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My main role at the UN was write up reports on the meetings I attended which would then get sent to the Ministry of Foreign Affairs. These included General Assembly and Security Council meetings, conferences, humanitarian briefings, and resolution negotiations. At times, I felt like I was watching history happen right in front of me. For example, I attended an emergency Security Council meeting in November after Russia attacked Ukrainian vessels in the Kerch Strait and took 24 Ukrainian sailors prisoner. Tensions were extraordinarily high, with Russia trying to justify their actions, and Ukraine threatening to declare martial law. Although the situation between these countries is far from resolved, these sailors were finally released back to the Ukraine this month.

I also attended European Union Coordination meetings around three times a week. These meetings were fascinating, as it was a private, behind-the-scenes look at how the 28 Member States work together to achieve their common goals (the way they discussed this never ending Brexit crisis was also very interesting). One of the most memorable meetings I had here was during the 2019 Venezuelan presidential crisis. Both Maduro and Guaido were sending delegations to a United Nations conference in Buenos Aires, and the EU needed to decide on a common approach on how to diplomatically act in this situation. The issue was time sensitive, yet they also had to keep in mind how to deal with this in the long term. The cooperation and I saw during these meetings was so impressive!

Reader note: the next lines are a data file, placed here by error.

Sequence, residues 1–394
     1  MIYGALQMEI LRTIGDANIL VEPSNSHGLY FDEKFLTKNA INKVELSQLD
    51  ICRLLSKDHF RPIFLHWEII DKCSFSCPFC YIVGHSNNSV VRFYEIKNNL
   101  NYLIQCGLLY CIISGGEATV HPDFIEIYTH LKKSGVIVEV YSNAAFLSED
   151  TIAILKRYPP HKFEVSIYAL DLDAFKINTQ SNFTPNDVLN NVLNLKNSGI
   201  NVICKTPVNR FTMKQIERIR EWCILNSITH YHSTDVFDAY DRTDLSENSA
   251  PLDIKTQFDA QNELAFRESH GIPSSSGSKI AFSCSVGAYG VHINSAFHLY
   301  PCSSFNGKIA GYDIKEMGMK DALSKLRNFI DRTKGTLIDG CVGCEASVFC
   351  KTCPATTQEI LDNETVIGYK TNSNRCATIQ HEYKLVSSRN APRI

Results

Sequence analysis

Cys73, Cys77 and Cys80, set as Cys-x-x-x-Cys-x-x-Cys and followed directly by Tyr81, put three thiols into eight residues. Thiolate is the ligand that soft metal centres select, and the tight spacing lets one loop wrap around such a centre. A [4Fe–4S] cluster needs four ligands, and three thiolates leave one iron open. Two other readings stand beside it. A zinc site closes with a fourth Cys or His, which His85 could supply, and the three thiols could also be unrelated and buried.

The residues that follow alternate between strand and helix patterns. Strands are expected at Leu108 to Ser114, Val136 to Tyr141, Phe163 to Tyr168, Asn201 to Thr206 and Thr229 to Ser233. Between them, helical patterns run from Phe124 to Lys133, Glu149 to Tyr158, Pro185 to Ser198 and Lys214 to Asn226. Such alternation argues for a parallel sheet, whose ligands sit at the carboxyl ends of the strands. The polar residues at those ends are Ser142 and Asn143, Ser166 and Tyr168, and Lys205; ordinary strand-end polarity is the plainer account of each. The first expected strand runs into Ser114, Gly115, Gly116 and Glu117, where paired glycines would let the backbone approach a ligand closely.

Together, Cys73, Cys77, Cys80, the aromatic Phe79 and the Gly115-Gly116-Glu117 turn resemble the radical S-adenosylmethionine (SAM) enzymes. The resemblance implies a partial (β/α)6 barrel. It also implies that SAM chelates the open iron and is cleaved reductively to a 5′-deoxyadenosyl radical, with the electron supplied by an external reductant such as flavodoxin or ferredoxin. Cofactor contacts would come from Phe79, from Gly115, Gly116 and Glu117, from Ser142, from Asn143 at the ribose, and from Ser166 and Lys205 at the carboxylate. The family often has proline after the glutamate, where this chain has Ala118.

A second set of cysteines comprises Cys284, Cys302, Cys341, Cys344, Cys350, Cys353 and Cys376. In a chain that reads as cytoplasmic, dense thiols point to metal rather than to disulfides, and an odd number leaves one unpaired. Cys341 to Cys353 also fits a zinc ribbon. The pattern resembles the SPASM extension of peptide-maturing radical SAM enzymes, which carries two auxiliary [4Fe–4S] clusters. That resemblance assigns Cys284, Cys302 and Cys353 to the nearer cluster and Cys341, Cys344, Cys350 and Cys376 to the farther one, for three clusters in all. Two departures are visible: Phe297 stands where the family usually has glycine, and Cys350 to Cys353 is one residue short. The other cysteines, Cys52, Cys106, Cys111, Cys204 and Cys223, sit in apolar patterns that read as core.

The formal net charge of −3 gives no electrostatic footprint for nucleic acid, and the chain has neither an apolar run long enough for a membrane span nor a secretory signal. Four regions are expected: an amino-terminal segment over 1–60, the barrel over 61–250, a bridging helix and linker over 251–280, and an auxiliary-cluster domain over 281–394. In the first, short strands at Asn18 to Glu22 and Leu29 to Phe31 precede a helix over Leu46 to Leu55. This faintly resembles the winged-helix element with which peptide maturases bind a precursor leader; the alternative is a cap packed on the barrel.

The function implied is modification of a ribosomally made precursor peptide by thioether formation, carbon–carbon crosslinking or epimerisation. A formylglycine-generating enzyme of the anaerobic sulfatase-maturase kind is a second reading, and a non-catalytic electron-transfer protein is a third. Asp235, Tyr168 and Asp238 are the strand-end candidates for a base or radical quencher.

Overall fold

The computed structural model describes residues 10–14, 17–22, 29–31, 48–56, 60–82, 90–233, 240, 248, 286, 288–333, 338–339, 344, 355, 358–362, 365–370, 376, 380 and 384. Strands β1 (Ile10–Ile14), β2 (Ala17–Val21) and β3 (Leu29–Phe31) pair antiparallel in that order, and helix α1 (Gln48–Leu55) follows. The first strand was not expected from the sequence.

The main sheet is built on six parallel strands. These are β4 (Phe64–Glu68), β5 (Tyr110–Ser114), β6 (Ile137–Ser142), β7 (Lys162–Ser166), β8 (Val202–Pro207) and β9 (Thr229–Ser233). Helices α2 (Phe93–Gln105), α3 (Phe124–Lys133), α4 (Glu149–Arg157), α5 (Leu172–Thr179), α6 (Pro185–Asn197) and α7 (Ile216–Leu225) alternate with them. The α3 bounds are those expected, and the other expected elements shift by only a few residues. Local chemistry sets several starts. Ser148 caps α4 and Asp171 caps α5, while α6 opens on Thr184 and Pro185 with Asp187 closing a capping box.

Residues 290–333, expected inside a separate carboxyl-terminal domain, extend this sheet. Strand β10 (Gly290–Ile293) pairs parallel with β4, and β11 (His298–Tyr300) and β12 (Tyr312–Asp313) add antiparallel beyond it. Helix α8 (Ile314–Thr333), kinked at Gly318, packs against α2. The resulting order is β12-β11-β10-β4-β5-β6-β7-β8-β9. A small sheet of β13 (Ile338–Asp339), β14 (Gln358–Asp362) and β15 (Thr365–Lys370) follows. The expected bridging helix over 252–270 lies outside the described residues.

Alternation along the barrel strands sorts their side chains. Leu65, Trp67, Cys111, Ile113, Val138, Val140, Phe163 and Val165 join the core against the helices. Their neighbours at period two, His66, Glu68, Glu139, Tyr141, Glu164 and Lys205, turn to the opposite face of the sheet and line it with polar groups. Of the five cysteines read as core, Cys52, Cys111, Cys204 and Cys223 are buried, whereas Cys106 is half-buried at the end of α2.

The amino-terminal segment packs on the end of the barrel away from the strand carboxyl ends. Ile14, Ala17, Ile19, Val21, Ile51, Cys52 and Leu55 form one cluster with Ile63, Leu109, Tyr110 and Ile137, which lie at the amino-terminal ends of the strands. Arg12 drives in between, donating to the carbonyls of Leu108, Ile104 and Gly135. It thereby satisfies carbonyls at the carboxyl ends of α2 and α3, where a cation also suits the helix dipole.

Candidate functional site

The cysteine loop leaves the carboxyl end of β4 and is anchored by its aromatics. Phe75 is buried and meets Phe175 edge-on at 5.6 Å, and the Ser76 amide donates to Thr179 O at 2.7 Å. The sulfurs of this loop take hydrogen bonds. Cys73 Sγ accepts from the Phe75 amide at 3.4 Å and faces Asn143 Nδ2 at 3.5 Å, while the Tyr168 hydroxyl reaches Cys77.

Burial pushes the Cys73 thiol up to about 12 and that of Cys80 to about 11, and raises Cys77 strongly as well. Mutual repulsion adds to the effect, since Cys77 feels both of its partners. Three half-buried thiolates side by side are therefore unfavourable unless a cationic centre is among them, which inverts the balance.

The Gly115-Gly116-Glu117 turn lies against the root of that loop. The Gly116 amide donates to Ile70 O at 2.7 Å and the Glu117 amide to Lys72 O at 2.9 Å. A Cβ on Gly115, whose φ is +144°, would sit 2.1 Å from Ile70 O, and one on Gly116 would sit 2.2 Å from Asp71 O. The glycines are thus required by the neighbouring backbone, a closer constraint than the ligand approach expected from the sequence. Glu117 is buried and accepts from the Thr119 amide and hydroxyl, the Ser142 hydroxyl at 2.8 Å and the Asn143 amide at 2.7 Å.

Throughout the year I worked with 7 other interns at the Cyprus Mission (although none of them stayed longer than 3 months). I got on really well with all of them, and every Thursday and Friday night we would go to socials at a bar called Calicos, and at the Delegate’s Lounge in the UN. The intern community was really strong, and I had so much fun with the friends I made with people from all over the world. The only part of working at the UN that I initially struggled with was the language barrier. I was working in a Greek office, and although I am half – Cypriot, I did not speak any Greek when I started working there. It meant that it took longer for me to get to know my colleagues than I would have done in an English speaking office, and most of the time I did not know what was going on as everyone only spoke in Greek (unless they were talking to me). The turning point occurred in January, when I decided to learn the language. I received a wave of encouragement and support, and I was always included as my colleagues would translate what they were saying to help me learn. In hindsight I should have tried to learn Greek since the first day, but it had seemed too daunting at the time.

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Living in New York was also a dream. I met some of my best friends in the student accommodation I was living in, and we made the most of living in Manhattan. Some of the things we did were go to: all of the classic sights (Empire State, Statue of Liberty, Central Park etc.), Broadway shows, museums (the best is the Met by far), NBC studios to watch live recordings of SNL, concerts, festivals, Instagram popups, food markets, and travel. During the year I was lucky enough to go to San Francisco, Yosemite, Miami, Toronto, Niagara Falls, Washington DC, Virginia, and Philadelphia. Exeter definitely feels a lot smaller this year!

I am so grateful to the University for giving me the opportunity to live and work in New York for a year. Words can never justify how much I loved it and how much I want to return. To other students, I highly recommend working abroad, as it offers so much more than studying, and will be something you won’t regret.